Supply contracts of foreign companies for manufacturers in peripheral economies are often puffed up with requirements, such as the evidently hollow SA-8000 certification, which had been obtained by both the Ali Enterprises factory in Pakistan (approximately 20 days before the 2012 fire) and by Rana Plaza in Bangladesh (also less than a month before its 2013 collapse).Footnote 220 This ill-intentioned bid at seeking legitimacy without taking responsibility for safety lapses is somewhat similar to, although perhaps worse than, twentieth-century United States. In the early twentieth century, caught in the midst of a movement for workplace safety and facing increased costs for workplace injuries and fatalities, US businesses were also moved to self-regulate in what became known as the Voluntary Safety Movement. Under this movement, the Voluntary Safety Council was established in 1913 and it pushed for safety engineering and better working practices. However, this self-regulation reeked of the same self-interest that British textile interests had shown in British India. Most safety education imparted to workers was premised on the notion that the majority of workplace accidents were due to the workers’ negligence. It promoted the notion of “their fault, their liability.” The Voluntary Safety Movement also funded various propaganda. For example, in 1911, the year of the Triangle Shirtwaist Factory fire mentioned above (which took 146 lives mostly consisting of young immigrant women) the National Association of Manufacturers reigned in the support of progressive filmmaker James Oppenheim to produce the film The Crime of Carelessness, stressing that workers were the cause of workplace accidents.Footnote 221

6 Conclusion

As we have seen above, the absence or presence of OSH depends on the needs of the global economy more than it does on actual workplace hazards. The history of OSH in Pakistan is one of regulation and dis-operationalisation, as per the needs of the powers that be. The OSH infrastructure in Pakistan is not meant to make the workplace safer, instead it is an empty signifier, an ornamental imitation of core countries’ OSH infrastructures. These laws are utopian insofar as they do not reflect the economic or regulatory capacity of Pakistan, and dystopian in that completely disregarding them and endangering workers is allowed, if not encouraged, in practice. OSH infrastructures, whether deployed by peripheral states or at the behest of core countries, are a legal fiction at best—to be progressively realised at an unknown date in the unforeseeable future. A useful way to mitigate the existing problems, whilst recognizing the constraints of the global politico-economic order, may be to indigenise and democratise the OSH infrastructure through actual and substantive worker participation, legal liability for foreign companies (that outsource their production), and the activation of transnational solidarity among workers.Footnote 222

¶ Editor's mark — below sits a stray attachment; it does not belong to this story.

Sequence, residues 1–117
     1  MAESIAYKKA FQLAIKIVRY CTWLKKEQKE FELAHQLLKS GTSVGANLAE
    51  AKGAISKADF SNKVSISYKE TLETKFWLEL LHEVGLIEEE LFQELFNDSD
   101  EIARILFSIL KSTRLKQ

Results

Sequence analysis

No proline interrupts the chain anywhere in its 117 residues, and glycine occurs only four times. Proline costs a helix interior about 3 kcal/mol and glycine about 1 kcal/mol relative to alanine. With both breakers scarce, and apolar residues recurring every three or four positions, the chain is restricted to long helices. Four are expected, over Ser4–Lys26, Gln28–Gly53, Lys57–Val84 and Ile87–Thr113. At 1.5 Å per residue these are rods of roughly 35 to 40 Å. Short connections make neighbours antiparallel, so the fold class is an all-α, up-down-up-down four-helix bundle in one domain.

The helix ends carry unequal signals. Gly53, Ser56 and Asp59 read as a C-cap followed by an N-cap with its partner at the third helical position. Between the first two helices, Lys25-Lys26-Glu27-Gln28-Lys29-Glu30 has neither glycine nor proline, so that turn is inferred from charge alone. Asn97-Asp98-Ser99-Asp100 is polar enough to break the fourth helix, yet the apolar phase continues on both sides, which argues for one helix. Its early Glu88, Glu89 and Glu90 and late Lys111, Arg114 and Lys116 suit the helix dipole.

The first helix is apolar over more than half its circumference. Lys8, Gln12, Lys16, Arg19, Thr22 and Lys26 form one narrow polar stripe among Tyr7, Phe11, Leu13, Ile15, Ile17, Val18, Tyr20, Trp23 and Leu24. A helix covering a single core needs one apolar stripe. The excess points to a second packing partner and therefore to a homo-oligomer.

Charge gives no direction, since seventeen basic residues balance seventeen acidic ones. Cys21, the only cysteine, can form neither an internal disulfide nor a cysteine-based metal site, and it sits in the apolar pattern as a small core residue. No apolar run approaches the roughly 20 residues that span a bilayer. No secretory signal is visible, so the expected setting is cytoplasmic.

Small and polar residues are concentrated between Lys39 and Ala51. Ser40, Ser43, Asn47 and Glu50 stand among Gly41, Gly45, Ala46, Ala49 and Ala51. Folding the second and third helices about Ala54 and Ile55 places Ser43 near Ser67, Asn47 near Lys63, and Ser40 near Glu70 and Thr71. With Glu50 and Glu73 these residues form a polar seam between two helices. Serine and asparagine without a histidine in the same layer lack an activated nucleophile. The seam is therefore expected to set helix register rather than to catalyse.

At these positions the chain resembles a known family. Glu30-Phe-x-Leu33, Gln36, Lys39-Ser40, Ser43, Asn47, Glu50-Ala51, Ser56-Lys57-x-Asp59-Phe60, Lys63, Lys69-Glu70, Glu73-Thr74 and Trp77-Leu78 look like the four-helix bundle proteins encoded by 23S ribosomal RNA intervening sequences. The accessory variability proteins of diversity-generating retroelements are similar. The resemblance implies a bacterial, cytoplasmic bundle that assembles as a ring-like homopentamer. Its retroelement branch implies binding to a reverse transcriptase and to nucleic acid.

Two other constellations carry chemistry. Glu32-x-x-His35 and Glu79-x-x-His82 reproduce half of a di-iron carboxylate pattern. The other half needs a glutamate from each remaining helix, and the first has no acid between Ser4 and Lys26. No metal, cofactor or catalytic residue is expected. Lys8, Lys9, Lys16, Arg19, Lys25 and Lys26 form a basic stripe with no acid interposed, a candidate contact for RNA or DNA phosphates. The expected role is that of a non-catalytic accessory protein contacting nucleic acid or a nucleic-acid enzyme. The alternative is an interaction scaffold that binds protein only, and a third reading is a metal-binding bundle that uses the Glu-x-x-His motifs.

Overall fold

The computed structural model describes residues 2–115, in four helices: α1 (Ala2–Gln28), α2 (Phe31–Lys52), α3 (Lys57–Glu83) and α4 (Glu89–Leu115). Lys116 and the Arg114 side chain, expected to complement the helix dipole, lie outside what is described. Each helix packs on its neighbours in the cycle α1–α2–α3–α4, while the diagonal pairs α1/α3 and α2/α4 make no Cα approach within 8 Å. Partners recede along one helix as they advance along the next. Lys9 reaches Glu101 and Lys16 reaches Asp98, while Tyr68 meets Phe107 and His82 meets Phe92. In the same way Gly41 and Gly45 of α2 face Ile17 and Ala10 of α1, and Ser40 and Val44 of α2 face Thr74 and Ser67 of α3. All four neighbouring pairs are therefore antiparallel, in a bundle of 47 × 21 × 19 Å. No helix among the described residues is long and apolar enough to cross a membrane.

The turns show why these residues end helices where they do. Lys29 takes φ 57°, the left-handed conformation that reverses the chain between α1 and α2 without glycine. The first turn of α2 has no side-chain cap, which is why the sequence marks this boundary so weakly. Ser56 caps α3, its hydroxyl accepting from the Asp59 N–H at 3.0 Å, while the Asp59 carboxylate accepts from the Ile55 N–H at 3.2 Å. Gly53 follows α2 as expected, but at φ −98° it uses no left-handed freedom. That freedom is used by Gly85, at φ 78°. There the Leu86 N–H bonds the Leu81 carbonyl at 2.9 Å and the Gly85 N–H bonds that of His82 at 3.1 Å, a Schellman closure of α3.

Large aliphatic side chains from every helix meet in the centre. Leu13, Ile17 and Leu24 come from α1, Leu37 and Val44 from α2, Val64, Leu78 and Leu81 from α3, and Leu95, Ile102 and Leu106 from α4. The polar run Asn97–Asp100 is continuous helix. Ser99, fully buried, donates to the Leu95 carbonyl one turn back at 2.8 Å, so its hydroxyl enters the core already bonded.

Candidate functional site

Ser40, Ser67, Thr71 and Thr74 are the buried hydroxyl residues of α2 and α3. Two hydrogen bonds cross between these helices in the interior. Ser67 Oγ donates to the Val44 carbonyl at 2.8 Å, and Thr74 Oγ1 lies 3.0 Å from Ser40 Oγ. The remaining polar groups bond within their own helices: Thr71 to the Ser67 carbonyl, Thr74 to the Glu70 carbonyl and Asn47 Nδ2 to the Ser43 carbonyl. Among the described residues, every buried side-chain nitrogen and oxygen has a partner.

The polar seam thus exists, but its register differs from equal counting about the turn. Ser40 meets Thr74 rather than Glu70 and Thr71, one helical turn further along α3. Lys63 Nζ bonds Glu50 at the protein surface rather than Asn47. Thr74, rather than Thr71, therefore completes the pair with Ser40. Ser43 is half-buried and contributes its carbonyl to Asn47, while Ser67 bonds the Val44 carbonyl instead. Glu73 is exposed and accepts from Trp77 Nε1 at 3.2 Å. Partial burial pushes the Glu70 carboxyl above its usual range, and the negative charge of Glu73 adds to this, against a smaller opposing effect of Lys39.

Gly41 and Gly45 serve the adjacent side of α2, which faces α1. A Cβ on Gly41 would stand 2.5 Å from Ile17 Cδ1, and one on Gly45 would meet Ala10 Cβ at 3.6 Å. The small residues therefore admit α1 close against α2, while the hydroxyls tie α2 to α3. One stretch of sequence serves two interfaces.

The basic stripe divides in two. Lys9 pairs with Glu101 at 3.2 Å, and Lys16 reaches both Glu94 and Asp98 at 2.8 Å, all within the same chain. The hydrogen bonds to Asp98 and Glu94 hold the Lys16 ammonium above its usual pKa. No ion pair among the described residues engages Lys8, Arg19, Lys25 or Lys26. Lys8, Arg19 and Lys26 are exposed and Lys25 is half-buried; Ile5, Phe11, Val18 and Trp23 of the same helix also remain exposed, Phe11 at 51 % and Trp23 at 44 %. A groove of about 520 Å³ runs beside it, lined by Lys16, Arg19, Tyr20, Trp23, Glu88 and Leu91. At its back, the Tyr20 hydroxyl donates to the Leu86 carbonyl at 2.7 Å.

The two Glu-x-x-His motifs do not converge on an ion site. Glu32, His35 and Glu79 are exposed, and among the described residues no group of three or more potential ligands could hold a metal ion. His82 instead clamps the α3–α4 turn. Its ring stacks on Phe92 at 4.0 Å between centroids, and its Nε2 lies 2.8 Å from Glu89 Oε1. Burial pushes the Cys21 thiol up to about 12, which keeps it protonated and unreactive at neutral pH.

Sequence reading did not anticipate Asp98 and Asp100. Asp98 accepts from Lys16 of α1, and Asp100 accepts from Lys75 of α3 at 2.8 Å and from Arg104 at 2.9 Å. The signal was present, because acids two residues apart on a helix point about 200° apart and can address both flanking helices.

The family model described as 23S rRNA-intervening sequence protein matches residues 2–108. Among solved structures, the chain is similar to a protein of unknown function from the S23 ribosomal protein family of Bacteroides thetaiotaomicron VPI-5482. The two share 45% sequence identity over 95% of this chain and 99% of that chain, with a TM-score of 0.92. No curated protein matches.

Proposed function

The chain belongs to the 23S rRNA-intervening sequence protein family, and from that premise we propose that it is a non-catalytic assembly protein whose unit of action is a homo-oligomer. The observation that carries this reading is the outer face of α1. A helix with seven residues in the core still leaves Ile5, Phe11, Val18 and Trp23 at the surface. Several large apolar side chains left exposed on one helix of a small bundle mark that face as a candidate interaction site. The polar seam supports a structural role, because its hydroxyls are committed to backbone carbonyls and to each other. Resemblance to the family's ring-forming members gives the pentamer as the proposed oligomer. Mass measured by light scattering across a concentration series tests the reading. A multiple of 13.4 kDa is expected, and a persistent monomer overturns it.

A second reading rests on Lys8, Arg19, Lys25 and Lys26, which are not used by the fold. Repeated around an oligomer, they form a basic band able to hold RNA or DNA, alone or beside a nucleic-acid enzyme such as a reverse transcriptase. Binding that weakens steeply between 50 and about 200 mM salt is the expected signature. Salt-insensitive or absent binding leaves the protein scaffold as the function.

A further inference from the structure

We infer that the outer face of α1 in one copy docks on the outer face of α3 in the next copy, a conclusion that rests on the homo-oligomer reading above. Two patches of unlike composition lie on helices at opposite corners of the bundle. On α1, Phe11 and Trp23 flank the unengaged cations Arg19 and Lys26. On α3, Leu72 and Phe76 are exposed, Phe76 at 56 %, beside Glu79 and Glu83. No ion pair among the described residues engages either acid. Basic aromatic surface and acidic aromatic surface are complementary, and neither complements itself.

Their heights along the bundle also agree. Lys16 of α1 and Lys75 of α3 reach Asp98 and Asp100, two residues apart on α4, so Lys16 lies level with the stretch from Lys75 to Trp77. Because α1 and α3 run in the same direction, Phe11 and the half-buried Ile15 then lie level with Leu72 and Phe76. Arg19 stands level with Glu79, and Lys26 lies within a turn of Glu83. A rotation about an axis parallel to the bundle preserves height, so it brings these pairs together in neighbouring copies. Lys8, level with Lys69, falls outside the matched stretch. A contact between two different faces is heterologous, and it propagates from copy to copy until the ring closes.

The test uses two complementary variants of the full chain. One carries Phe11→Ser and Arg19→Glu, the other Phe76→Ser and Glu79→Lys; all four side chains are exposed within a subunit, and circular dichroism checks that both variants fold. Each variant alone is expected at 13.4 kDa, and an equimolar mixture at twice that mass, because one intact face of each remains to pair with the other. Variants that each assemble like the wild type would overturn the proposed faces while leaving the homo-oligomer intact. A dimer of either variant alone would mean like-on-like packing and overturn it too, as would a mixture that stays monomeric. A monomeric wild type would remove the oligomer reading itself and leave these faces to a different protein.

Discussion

On regulators’ end, instead of blindly copying the OSH infrastructures of core countries, we would need to rethink OSH in terms of local context. As a first step towards worker safety, the OSH mandate needs to be stratified and staggered such that the higher priority safety requirements are separated in the interim and pursued with the full force of the existing institutional capacity, so that the most urgent needs of workplace safety can be addressed first and the rest can follow. The remaining aspects of workplace safety can be progressively mainstreamed as institutional capacities are improved and increased. Less expensive alternatives or community-based mechanisms of enforcement (such as Local Governments and Union Councils being made responsible for workplace inspections based on checklists prepared by technical experts) could also potentially be explored. Second, it is important for regulatory authorities to reject self-regulatory certifications that bolster supply contracts, such as the SA-8000. If worker safety is to be improved, labour law must be reinstated and the trend towards contractualization of labour law must be stopped. Third, regulator accountability mechanisms need to be established as well. Government regulators need to be capacitated, empowered, and held accountable. Fourth, this accountability would perhaps only be possible if the regulator was directly accountable to the workers, through participatory and democratic mechanisms. Eventually, the seats at the table need to be in proportion to the number of lives at stake, not only according to the profits at stake. To give each group one seat each would be to perpetuate the dehumanisation of the precariat by nakedly equating the value of money (of local and global companies), power (of regulators), and human life (of workers and families). Workers, foreign companies, local manufacturers and government agencies may need to sit on one representative table. The OSH council that is envisaged in the OSH Act of 2017, does have seats for workers’ representatives, and elected OSH representatives; this is a tiny step in the right direction. Much would have to follow for these carceral patterns and cruel work conditions to be disrupted—in Pakistan and across the globe.